“During my life time I have dedicated myself to this struggle of the African people.  I have fought against White domination, and I have fought Against Black domination.  I have cherished the ideal of a democratic and free society, in which all persons live together in harmony and with equal opportunities.  It is an ideal which I hope to live for and achieve. But if needs be, it is an ideal for which I am prepared to die.”

Mr President,

This was the core of what Mandela and his comrades were sentenced to life imprisonment for.  This statement reverberated across the world.   It was not a mere coincidence of history that this statement was made just six months after the Martin Luther King Jr., “I have a Dream” speech.  Mandela’s statement mobilized and inspired our people in the same manner that Dr. King’s “I have a Dream” statement inspired African-Americans.  Unlike Dr. King, Mandela was fortunate to live and see the fulfillment of his dream of a democratic and free society in which all persons live together in harmony with equal opportunities.  He had the honor to become the first President of a democratic South Africa following the historic general elections of 1994.

Today Mr President, on the occasion of Mandela’s 94th birthday and 100 years anniversary of the African National Congress, we are grateful of the role that International solidarity in particular through the United Nations, has played.  The decision of the United Nations to declare Apartheid a Crime against humanity was in no small measure a significant boost to our cause.  The United Nations declared the 21st March after the Sharpeville massacre of 1961 an International Day for the elimination of all forms of racial discrimination. The formation of the United Nations Special Committee against Apartheid, in which many member states participated, was also a concrete expression of the commitment of this Organization to its Charter’s ideals and principles.

The role of the Anti-Apartheid Movement with programs and activities coordinated in many of the member states was also very significant.  The Release Mandela Campaign  received immense international backing, mobilizing and conscitising many to whom the gross injustice of his incarceration had not registered.  We remain forever indebted to the International community and the United Nations for the achievement of our struggle, goals and dreams.  President Mandela, addressing our people in 1994 after the first ever democratic elections in South Africa, declared that our freedom would not be complete when others elsewhere were still not free.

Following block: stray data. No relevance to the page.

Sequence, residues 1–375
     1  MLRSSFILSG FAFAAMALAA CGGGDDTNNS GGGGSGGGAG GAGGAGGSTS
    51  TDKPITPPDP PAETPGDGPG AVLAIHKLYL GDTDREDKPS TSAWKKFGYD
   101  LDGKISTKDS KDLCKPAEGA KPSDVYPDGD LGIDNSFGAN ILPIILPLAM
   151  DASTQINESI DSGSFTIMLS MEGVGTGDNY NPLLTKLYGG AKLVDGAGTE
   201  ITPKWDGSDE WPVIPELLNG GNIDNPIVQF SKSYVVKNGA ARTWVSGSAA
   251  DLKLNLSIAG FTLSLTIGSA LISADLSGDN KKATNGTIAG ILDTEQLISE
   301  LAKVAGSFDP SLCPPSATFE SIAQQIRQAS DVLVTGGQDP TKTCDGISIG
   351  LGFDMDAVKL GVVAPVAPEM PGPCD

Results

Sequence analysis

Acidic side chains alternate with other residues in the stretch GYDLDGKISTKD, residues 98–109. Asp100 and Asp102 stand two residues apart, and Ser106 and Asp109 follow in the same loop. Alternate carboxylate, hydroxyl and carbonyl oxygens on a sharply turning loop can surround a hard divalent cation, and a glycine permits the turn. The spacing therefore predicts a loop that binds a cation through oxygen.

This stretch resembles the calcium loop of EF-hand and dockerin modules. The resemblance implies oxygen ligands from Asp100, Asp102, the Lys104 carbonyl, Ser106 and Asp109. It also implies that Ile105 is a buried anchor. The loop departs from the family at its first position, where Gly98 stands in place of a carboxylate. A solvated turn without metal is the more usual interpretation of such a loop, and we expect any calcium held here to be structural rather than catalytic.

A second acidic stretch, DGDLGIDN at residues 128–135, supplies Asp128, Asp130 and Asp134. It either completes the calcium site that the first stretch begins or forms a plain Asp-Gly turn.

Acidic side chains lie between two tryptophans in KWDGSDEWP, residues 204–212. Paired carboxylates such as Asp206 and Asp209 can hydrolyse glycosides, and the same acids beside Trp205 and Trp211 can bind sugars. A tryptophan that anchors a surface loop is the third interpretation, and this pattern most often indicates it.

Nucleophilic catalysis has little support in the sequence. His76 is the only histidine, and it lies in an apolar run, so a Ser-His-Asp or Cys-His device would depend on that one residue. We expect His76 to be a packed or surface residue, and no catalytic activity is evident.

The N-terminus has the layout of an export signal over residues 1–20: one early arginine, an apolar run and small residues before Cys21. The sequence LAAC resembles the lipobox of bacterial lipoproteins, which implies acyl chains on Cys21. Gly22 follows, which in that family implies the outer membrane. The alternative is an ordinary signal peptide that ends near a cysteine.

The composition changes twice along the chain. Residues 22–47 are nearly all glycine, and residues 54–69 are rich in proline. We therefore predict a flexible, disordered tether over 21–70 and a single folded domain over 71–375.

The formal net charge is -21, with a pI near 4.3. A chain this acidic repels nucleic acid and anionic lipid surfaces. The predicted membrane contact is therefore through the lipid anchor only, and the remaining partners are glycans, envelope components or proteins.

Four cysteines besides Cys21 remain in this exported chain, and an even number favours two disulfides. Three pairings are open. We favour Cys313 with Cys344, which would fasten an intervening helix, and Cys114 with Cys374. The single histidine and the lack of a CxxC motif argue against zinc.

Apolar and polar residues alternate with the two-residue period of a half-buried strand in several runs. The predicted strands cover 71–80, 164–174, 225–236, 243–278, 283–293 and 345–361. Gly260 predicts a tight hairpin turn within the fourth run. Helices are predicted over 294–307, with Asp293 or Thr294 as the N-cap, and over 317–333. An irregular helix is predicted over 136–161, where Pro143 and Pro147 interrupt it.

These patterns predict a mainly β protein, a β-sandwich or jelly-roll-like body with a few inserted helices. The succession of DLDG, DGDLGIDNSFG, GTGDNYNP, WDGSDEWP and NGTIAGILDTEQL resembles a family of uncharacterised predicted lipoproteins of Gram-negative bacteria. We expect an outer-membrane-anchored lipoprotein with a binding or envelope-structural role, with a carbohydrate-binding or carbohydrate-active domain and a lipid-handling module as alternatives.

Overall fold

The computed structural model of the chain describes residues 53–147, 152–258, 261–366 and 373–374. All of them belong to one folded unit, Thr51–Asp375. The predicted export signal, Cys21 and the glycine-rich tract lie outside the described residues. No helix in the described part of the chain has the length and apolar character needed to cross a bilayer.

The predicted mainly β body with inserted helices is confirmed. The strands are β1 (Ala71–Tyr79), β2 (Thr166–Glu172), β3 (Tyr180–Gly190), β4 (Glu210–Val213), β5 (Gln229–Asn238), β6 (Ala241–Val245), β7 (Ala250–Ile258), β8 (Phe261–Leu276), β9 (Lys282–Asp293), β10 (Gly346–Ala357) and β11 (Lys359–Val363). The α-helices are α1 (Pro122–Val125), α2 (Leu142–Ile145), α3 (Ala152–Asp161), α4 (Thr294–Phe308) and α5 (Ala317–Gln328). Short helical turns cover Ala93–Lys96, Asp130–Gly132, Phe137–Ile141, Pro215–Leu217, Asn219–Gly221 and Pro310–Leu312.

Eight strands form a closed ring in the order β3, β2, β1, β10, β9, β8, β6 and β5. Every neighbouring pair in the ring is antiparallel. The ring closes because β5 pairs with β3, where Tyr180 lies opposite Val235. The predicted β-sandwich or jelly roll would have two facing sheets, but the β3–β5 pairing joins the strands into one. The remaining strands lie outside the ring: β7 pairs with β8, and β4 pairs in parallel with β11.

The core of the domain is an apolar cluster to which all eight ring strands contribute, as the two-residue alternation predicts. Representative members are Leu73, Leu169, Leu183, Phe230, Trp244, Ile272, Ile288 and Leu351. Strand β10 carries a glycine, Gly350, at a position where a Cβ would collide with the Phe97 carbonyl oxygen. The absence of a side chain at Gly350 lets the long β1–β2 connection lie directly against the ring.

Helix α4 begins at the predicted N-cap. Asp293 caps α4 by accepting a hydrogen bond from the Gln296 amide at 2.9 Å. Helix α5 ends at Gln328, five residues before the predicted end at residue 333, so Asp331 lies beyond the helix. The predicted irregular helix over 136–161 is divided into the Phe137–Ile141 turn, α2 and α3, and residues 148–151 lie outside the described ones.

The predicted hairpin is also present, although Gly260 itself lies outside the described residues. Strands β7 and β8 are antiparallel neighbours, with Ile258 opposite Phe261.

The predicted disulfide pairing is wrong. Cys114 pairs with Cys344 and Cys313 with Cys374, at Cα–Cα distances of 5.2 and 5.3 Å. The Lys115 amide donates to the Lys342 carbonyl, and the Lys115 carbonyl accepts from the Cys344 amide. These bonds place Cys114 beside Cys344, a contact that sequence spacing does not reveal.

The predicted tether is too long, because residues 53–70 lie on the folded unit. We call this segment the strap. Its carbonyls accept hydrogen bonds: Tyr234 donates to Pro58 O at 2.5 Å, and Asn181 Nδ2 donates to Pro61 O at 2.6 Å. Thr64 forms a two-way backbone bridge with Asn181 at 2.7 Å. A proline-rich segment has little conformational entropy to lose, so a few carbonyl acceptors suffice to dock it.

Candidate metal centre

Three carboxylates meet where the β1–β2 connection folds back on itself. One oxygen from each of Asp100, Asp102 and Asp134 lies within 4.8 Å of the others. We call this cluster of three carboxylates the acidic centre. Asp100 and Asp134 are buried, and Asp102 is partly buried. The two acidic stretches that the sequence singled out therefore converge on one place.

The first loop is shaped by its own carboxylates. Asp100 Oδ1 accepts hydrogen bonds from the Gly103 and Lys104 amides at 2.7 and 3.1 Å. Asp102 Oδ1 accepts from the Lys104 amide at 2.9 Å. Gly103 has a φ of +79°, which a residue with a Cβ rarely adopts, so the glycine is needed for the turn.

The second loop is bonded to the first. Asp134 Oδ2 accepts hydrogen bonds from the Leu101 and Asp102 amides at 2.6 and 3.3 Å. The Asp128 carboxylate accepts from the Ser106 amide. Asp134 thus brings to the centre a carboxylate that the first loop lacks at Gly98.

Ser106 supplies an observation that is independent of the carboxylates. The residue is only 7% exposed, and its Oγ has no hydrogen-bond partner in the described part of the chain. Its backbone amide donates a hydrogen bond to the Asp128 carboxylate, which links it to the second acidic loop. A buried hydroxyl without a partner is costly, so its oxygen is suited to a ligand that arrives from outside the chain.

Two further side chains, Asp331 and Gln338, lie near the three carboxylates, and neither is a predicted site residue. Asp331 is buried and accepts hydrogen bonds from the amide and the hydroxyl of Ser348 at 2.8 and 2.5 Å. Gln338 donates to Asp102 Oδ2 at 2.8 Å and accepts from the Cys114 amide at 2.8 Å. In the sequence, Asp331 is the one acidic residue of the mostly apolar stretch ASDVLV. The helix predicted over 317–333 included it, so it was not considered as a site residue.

I have had the personal honor to be appointed by President Mandela to serve in his Cabinet in 1994.  He led our nation with humility through a difficult period of transition and national reconciliation.   Even when he was a President he remained committed to the  cause of justice and human dignity.  The improvement of the quality of life of our people was his foremost concern.  He committed himself and did everything he could to address the challenges of poverty, underdevelopment and the scourge of wars and conflicts in our continent.  President Mandela extended his solidarity to the oppressed people of Palestine and Western Sahara.

Today Mr President, the best gift we can give to President Mandela for his birthday is to renew our commitment and resolve to the eradication of poverty and underdevelopment; to end violence against women and children and continue to advance gender equality all over the world;  and to comprehensively address conflicts and wars.  He will be very pleased if we can do everything we can as the International Community to make sure that no child dies of malnutrition when the world produces enough, none goes to sleep without food or water; none denigrates another’s dignity; none is discriminated against on the basis of race, ethnicity or religion; none is treated unfairly.  We all owe it to Madiba to continue to improve the lives of the world citizens in a spirit of love and selflessness.

Madiba will be very happy if we as members of the international community and the United Nations can stand and speak with one voice against injustice, brutality, oppression, occupation, gross violations of human rights, terrorism and dictatorship anywhere in the world. One of the best gifts the people of Africa delivered to President Mandela two days ago was to elect a woman for the first time ever as chair of the African Union Commission.  It a dawn of a new era for the African Continent in advancing  its developmental agenda aimed at building a better Africa  and a better world.

Mandela has committed himself to the course of humanity and creation of a just world free of wars, strife and poverty.  On this day we are called upon to  dedicate 67 minutes of our time, which represents 67 years that he dedicated his life to the service of his people to contribute to the betterment of our fellow human beings.  Our quest to build a caring world requires us to continue to promote international solidarity and cooperation. This day presents us an opportunity as a world body to reflect on our efforts and endeavors in the service of humanity.

We have to continue to strengthen this august organisation as a world premier body to address challenges facing mankind today. Mandela Day will have no meaning if we are not taking the opportunity to redirect and refocus this Organization on matters that are of concern to the majority of humanity.  In spite of our diversities as Member States we are all bound together by the common principles espoused in the Charter of the United Nations in our collective resolve to build a peaceful, united and caring world.

May I take this opportunity to wish President Nelson Mandela a Happy Birthday and the international community a fruitful International Mandela Day.

I thank you.